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Book review: Down and Out in Padstow and London - Alex Watts

Book review: Down and Out in Padstow and London - Alex Watts

Nicola Hine

Book review: Down and Out in Padstow and London - Alex Watts

If you can't stand the heat, get out of the kitchen – or so the saying goes.

But how many people can actually say they've leapt out of the frying pan and into the fire in pursuit of the career they've always dreamed of?

Lennie Nash did when he ditched the relative comfort of the world of newspaper journalism in a bid to become a professional chef.

And while the results were pretty disastrous, the risk has brought success in the form of Down and Out in Padstow and London – the written account of his experiences.

An honest and enjoyable read, it begins when Lennie – better known as Burnham-based journalist Alex Watts – engineers a chat with TV chef Rick Stein and secures himself work experience in one of the restaurateur's Cornwall kitchens.

He's long dreamed of owning a seaside fish restaurant of his own and makes the decision to 'kick off the slippers and feel alive again'.

The need takes him from one restaurant to another, ranging from the most basic of establishments to the Michelin-starred kitchens of cooking royalty.

It brings about a failed audition for Masterchef, which sees Lennie make sushi in a bid to impress Greg 'the egg' Wallace and John 'the toad' Torode.

It also introduces a whole host of questionable characters ranging from a racist homophobe to a stroppy 19-year-old who locks him in a walk-in chiller.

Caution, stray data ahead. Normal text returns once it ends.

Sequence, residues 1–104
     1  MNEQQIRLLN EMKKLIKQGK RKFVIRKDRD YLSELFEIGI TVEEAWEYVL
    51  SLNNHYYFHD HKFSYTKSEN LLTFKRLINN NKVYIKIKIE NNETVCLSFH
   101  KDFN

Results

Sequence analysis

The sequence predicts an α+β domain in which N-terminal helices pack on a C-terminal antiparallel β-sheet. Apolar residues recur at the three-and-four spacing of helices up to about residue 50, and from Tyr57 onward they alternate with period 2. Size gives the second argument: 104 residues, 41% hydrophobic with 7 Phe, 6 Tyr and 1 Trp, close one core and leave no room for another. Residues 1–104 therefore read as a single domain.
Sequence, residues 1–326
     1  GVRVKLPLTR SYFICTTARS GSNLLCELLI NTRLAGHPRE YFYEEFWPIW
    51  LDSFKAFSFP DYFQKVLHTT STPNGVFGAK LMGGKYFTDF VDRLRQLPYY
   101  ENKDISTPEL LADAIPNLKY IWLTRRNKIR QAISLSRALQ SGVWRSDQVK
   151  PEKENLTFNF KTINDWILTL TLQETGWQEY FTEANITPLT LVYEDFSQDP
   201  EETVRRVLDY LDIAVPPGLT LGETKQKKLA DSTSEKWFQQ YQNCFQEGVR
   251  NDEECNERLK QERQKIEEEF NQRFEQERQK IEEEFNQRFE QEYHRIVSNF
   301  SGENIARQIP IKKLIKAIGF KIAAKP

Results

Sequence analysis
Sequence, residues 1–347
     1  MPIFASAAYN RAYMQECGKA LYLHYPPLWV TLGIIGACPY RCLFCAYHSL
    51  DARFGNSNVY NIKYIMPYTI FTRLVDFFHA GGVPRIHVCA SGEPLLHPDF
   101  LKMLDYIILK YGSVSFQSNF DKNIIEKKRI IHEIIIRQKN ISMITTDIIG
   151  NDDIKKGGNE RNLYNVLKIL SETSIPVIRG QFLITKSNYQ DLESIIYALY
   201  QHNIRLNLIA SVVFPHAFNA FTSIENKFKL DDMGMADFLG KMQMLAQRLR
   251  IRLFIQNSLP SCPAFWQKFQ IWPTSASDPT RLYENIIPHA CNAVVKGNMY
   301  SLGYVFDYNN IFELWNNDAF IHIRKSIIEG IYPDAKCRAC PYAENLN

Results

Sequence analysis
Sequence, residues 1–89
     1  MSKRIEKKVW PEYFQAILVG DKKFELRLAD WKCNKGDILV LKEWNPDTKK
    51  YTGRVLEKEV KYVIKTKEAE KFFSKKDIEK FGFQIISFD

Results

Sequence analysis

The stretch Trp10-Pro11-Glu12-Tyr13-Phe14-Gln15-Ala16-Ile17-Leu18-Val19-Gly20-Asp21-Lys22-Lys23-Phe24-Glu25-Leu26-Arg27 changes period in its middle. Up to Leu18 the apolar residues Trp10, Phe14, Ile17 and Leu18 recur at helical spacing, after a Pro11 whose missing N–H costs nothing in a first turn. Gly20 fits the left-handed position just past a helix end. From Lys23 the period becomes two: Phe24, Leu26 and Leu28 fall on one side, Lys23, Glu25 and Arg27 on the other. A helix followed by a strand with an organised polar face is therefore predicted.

Lennie's laugh-out-loud anecdotes include dressing in bin liners to pluck pheasants with a helpmate who does puppet shows with the dead birds' heads, and turning up to a placement at Heston's most famous restaurant armed with two knives in a Tesco bag.

In fact, arguably the highlight of the book is his time at The Fat Duck in Bray, which he describes as 'a three-star Michelin restaurant famous for concoctions like snail porridge, bacon and egg ice cream and a food poisoning outbreak that struck down 500 diners'.

From peeling grapefruits to prising open oysters – both equally painful but for different reasons – Lennie's jobs at 'the gastronomic equivalent of the centre of the universe' are a brilliant insight into Blumenthal's lair, although the real secrets remain closely guarded.

The whole book is a real eye-opener into the differences between the TV image and the reality of the kitchen, particularly where celebrity chefs are concerned.

It's sharp, easy to read and almost impossible to put down, whether you're genuinely tempted to follow in Lennie's footsteps or you'd rather stick to watching Masterchef on the sofa.

Personally I think I'll stick to my desk for now – but I look forward to a sequel.

Alex Watts is a travelling journalist and sometimes chef currently eating and writing his way around SE Asia.

Down and Out in Padstow and London is available on Amazon.

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